Philosophy Lexicon of Arguments

 
Intention: the will to commit an act, as opposed to a random occurrence of such an event. See also motives, causation, will.

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Annotation: The above characterizations of concepts are neither definitions nor exhausting presentations of problems related to them. Instead, they are intended to give a short introduction to the contributions below. – Lexicon of Arguments.

 
Author Item Excerpt Meta data

 
Books on Amazon
Brandom I 375
Intention/Davidson/early: refers to one thing or state - later Vs - Searle: for intentional action only "action intentions" - for pure intend: also "preceding intention".
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Avramides I 5
Language/Davidson/Avramides: the speaker must have the intention to use the words, so that the sentence is true if the state is as the sentence says.
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Glüer II 116
Intention/Davidson/Glüer: unconditioned judgment - contrary: pro-attitude: conditioned judgment: E.g. "If sweets are not harmful, then ...".


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Explanation of symbols: Roman numerals indicate the source, arabic numerals indicate the page number. The corresponding books are indicated on the right hand side. ((s)…): Comment by the sender of the contribution.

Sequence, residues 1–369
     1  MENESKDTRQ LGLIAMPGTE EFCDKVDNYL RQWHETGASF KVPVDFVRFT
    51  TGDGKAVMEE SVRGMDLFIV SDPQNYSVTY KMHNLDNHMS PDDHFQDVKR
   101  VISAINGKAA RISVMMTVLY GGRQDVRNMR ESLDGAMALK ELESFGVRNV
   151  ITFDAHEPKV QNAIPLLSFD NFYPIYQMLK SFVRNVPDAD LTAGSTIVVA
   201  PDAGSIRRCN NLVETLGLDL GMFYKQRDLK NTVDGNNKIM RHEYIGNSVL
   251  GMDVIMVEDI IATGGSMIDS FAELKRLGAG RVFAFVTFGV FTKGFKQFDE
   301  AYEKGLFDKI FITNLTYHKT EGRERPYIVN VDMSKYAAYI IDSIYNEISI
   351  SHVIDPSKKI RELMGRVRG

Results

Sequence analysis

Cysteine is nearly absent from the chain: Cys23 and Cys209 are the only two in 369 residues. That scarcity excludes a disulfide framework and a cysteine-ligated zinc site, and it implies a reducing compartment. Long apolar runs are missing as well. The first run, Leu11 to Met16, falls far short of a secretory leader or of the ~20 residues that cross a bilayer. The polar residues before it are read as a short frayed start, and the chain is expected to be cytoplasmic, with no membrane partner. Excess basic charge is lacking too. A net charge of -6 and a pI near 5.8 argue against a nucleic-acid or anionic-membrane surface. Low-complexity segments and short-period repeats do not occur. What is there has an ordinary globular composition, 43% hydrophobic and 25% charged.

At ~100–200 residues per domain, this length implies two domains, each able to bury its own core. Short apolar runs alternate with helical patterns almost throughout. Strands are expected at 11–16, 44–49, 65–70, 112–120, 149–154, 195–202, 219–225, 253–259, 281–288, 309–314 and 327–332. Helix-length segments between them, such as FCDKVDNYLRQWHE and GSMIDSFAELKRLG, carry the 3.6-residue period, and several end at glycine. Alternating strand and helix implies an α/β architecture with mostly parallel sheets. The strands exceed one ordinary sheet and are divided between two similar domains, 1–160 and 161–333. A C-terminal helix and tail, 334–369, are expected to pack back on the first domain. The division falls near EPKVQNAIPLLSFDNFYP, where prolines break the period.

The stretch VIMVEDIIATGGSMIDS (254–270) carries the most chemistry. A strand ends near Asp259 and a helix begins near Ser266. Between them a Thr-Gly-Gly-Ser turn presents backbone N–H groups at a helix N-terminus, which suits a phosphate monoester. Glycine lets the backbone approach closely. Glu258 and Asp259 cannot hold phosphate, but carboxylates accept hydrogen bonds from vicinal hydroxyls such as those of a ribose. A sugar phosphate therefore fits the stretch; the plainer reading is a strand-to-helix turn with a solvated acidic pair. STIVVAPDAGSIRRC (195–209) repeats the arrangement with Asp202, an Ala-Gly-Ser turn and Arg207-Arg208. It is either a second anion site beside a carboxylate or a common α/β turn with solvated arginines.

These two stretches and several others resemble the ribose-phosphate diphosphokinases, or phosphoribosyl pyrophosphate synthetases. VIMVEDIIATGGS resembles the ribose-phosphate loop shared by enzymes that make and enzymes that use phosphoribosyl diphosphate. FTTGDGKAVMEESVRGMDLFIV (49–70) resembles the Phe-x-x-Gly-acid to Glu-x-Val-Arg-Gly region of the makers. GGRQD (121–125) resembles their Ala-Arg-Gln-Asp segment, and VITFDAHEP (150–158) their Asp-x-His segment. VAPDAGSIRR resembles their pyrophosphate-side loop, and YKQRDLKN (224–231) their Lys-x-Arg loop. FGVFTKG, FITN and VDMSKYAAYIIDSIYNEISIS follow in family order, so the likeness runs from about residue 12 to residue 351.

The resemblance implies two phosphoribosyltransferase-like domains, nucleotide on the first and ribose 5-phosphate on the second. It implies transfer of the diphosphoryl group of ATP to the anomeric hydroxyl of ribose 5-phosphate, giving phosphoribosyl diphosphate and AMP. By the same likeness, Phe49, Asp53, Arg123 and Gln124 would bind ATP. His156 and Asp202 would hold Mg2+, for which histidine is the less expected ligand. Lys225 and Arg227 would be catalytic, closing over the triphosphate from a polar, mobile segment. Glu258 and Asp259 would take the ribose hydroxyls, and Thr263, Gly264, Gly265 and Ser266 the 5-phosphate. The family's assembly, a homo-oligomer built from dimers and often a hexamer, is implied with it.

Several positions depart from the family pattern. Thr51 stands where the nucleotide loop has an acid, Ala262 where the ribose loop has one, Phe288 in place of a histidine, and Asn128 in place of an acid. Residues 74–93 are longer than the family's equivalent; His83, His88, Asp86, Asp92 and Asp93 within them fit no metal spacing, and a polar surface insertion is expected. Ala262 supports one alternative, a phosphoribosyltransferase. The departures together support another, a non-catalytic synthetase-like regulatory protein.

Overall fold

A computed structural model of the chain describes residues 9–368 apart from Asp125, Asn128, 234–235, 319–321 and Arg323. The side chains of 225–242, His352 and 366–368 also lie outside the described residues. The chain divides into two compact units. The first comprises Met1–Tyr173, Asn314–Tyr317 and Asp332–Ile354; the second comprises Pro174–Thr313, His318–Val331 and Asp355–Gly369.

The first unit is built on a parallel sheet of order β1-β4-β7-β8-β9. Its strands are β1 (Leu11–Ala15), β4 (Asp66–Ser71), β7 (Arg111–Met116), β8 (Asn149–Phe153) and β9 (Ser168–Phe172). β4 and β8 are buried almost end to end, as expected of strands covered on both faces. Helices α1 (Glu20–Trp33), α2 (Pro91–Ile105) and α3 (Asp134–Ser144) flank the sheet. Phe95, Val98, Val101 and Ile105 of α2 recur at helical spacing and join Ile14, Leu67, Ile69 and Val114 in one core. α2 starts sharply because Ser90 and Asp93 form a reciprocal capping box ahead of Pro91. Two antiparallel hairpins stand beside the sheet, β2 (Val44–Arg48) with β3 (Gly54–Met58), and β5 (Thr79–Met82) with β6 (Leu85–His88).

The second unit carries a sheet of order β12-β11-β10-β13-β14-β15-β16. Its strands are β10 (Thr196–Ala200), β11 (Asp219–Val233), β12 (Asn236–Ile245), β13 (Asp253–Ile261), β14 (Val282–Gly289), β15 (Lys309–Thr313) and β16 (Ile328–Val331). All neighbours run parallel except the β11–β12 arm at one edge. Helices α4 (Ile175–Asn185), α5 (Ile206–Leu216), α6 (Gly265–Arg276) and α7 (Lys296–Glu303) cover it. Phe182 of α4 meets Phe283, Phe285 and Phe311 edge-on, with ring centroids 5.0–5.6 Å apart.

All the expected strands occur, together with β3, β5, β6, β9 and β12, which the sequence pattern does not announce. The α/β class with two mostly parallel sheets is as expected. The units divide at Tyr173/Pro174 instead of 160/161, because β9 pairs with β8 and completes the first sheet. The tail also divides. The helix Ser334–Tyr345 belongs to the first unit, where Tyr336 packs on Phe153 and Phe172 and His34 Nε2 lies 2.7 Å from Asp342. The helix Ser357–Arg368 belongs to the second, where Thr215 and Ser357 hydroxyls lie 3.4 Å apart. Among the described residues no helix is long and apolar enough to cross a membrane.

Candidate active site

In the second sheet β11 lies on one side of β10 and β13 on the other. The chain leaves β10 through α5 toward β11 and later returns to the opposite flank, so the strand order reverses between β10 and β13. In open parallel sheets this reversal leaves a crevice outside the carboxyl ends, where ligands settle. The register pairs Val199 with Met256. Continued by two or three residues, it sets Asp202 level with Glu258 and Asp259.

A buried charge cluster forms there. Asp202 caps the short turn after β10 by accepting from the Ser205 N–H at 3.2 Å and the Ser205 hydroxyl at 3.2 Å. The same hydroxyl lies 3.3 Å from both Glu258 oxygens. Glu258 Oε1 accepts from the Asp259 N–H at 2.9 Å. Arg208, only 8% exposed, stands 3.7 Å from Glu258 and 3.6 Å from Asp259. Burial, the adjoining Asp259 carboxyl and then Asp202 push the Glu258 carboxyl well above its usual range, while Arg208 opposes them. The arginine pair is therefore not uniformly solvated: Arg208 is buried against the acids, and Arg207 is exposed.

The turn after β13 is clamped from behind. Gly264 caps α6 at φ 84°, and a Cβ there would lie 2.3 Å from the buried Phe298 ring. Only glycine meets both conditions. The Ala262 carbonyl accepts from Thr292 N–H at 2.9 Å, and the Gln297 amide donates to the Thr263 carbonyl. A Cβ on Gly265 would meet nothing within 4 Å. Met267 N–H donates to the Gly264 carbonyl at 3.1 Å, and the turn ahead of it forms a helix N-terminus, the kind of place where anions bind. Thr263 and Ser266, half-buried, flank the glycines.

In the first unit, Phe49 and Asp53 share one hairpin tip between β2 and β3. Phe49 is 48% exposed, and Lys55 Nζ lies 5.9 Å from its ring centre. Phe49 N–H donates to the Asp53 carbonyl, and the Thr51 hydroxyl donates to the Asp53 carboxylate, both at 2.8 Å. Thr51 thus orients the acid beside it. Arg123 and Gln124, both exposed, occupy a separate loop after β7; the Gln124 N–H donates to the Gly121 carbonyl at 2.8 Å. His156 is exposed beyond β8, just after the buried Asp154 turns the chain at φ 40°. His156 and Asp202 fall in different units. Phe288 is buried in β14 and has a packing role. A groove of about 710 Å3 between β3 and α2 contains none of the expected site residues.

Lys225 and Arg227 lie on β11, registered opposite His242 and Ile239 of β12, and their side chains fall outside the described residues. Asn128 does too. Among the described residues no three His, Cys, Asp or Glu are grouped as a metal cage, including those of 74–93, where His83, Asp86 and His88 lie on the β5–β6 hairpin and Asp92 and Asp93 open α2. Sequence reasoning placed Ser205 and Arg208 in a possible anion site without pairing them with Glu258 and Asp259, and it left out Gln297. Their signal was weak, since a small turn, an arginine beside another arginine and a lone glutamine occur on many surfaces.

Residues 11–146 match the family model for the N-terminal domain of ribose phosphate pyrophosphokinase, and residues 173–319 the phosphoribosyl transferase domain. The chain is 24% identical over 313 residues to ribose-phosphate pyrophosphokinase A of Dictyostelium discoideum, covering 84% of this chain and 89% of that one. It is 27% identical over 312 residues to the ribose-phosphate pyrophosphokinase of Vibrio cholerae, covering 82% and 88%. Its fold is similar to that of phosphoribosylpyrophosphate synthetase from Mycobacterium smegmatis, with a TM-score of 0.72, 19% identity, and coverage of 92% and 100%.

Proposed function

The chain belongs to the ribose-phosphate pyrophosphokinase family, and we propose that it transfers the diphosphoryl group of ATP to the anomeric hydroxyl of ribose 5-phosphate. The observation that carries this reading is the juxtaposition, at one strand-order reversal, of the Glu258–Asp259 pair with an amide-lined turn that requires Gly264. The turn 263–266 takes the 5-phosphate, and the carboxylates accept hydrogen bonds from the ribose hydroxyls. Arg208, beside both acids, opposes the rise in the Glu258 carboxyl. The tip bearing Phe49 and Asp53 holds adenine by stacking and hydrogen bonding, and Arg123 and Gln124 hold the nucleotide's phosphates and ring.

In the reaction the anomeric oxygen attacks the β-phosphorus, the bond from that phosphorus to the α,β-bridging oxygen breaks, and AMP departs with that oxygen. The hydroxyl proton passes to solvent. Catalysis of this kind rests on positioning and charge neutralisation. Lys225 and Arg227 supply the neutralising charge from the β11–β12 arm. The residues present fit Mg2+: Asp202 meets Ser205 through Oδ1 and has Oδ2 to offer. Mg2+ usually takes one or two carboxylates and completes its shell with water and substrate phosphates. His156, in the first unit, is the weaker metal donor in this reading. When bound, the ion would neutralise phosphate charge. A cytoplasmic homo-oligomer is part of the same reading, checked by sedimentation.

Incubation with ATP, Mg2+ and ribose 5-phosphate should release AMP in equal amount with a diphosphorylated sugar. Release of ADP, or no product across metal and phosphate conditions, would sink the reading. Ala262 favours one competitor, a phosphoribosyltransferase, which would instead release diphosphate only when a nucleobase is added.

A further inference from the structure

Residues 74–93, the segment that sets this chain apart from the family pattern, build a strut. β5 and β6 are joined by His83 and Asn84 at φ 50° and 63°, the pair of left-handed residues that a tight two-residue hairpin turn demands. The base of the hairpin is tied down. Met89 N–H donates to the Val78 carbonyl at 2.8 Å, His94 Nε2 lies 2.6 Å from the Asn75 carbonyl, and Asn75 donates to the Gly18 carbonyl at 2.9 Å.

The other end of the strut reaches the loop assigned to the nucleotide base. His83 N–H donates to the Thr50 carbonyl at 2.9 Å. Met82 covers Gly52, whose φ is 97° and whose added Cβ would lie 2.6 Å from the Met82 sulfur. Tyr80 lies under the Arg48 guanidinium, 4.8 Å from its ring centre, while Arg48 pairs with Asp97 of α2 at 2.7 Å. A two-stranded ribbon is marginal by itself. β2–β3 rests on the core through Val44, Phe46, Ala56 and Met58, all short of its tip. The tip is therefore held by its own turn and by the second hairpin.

D I
D. Davidson
Der Mythos des Subjektiven Stuttgart 1993

D III
D. Davidson
Handlung und Ereignis Frankfurt 1990

D IV
D. Davidson
Wahrheit und Interpretation Frankfurt 1990

Bra I
R. Brandom
Expressive Vernunft Frankfurt 2000

Bra II
R. Brandom
Begründen und Begreifen Frankfurt 2001

Avr I
A. Avramides
Meaning and Mind Boston 1989

D II
K. Glüer
D. Davidson Zur Einführung Hamburg 1993


> Counter arguments against Davidson

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Ed. Martin Schulz, access date 2017-09-24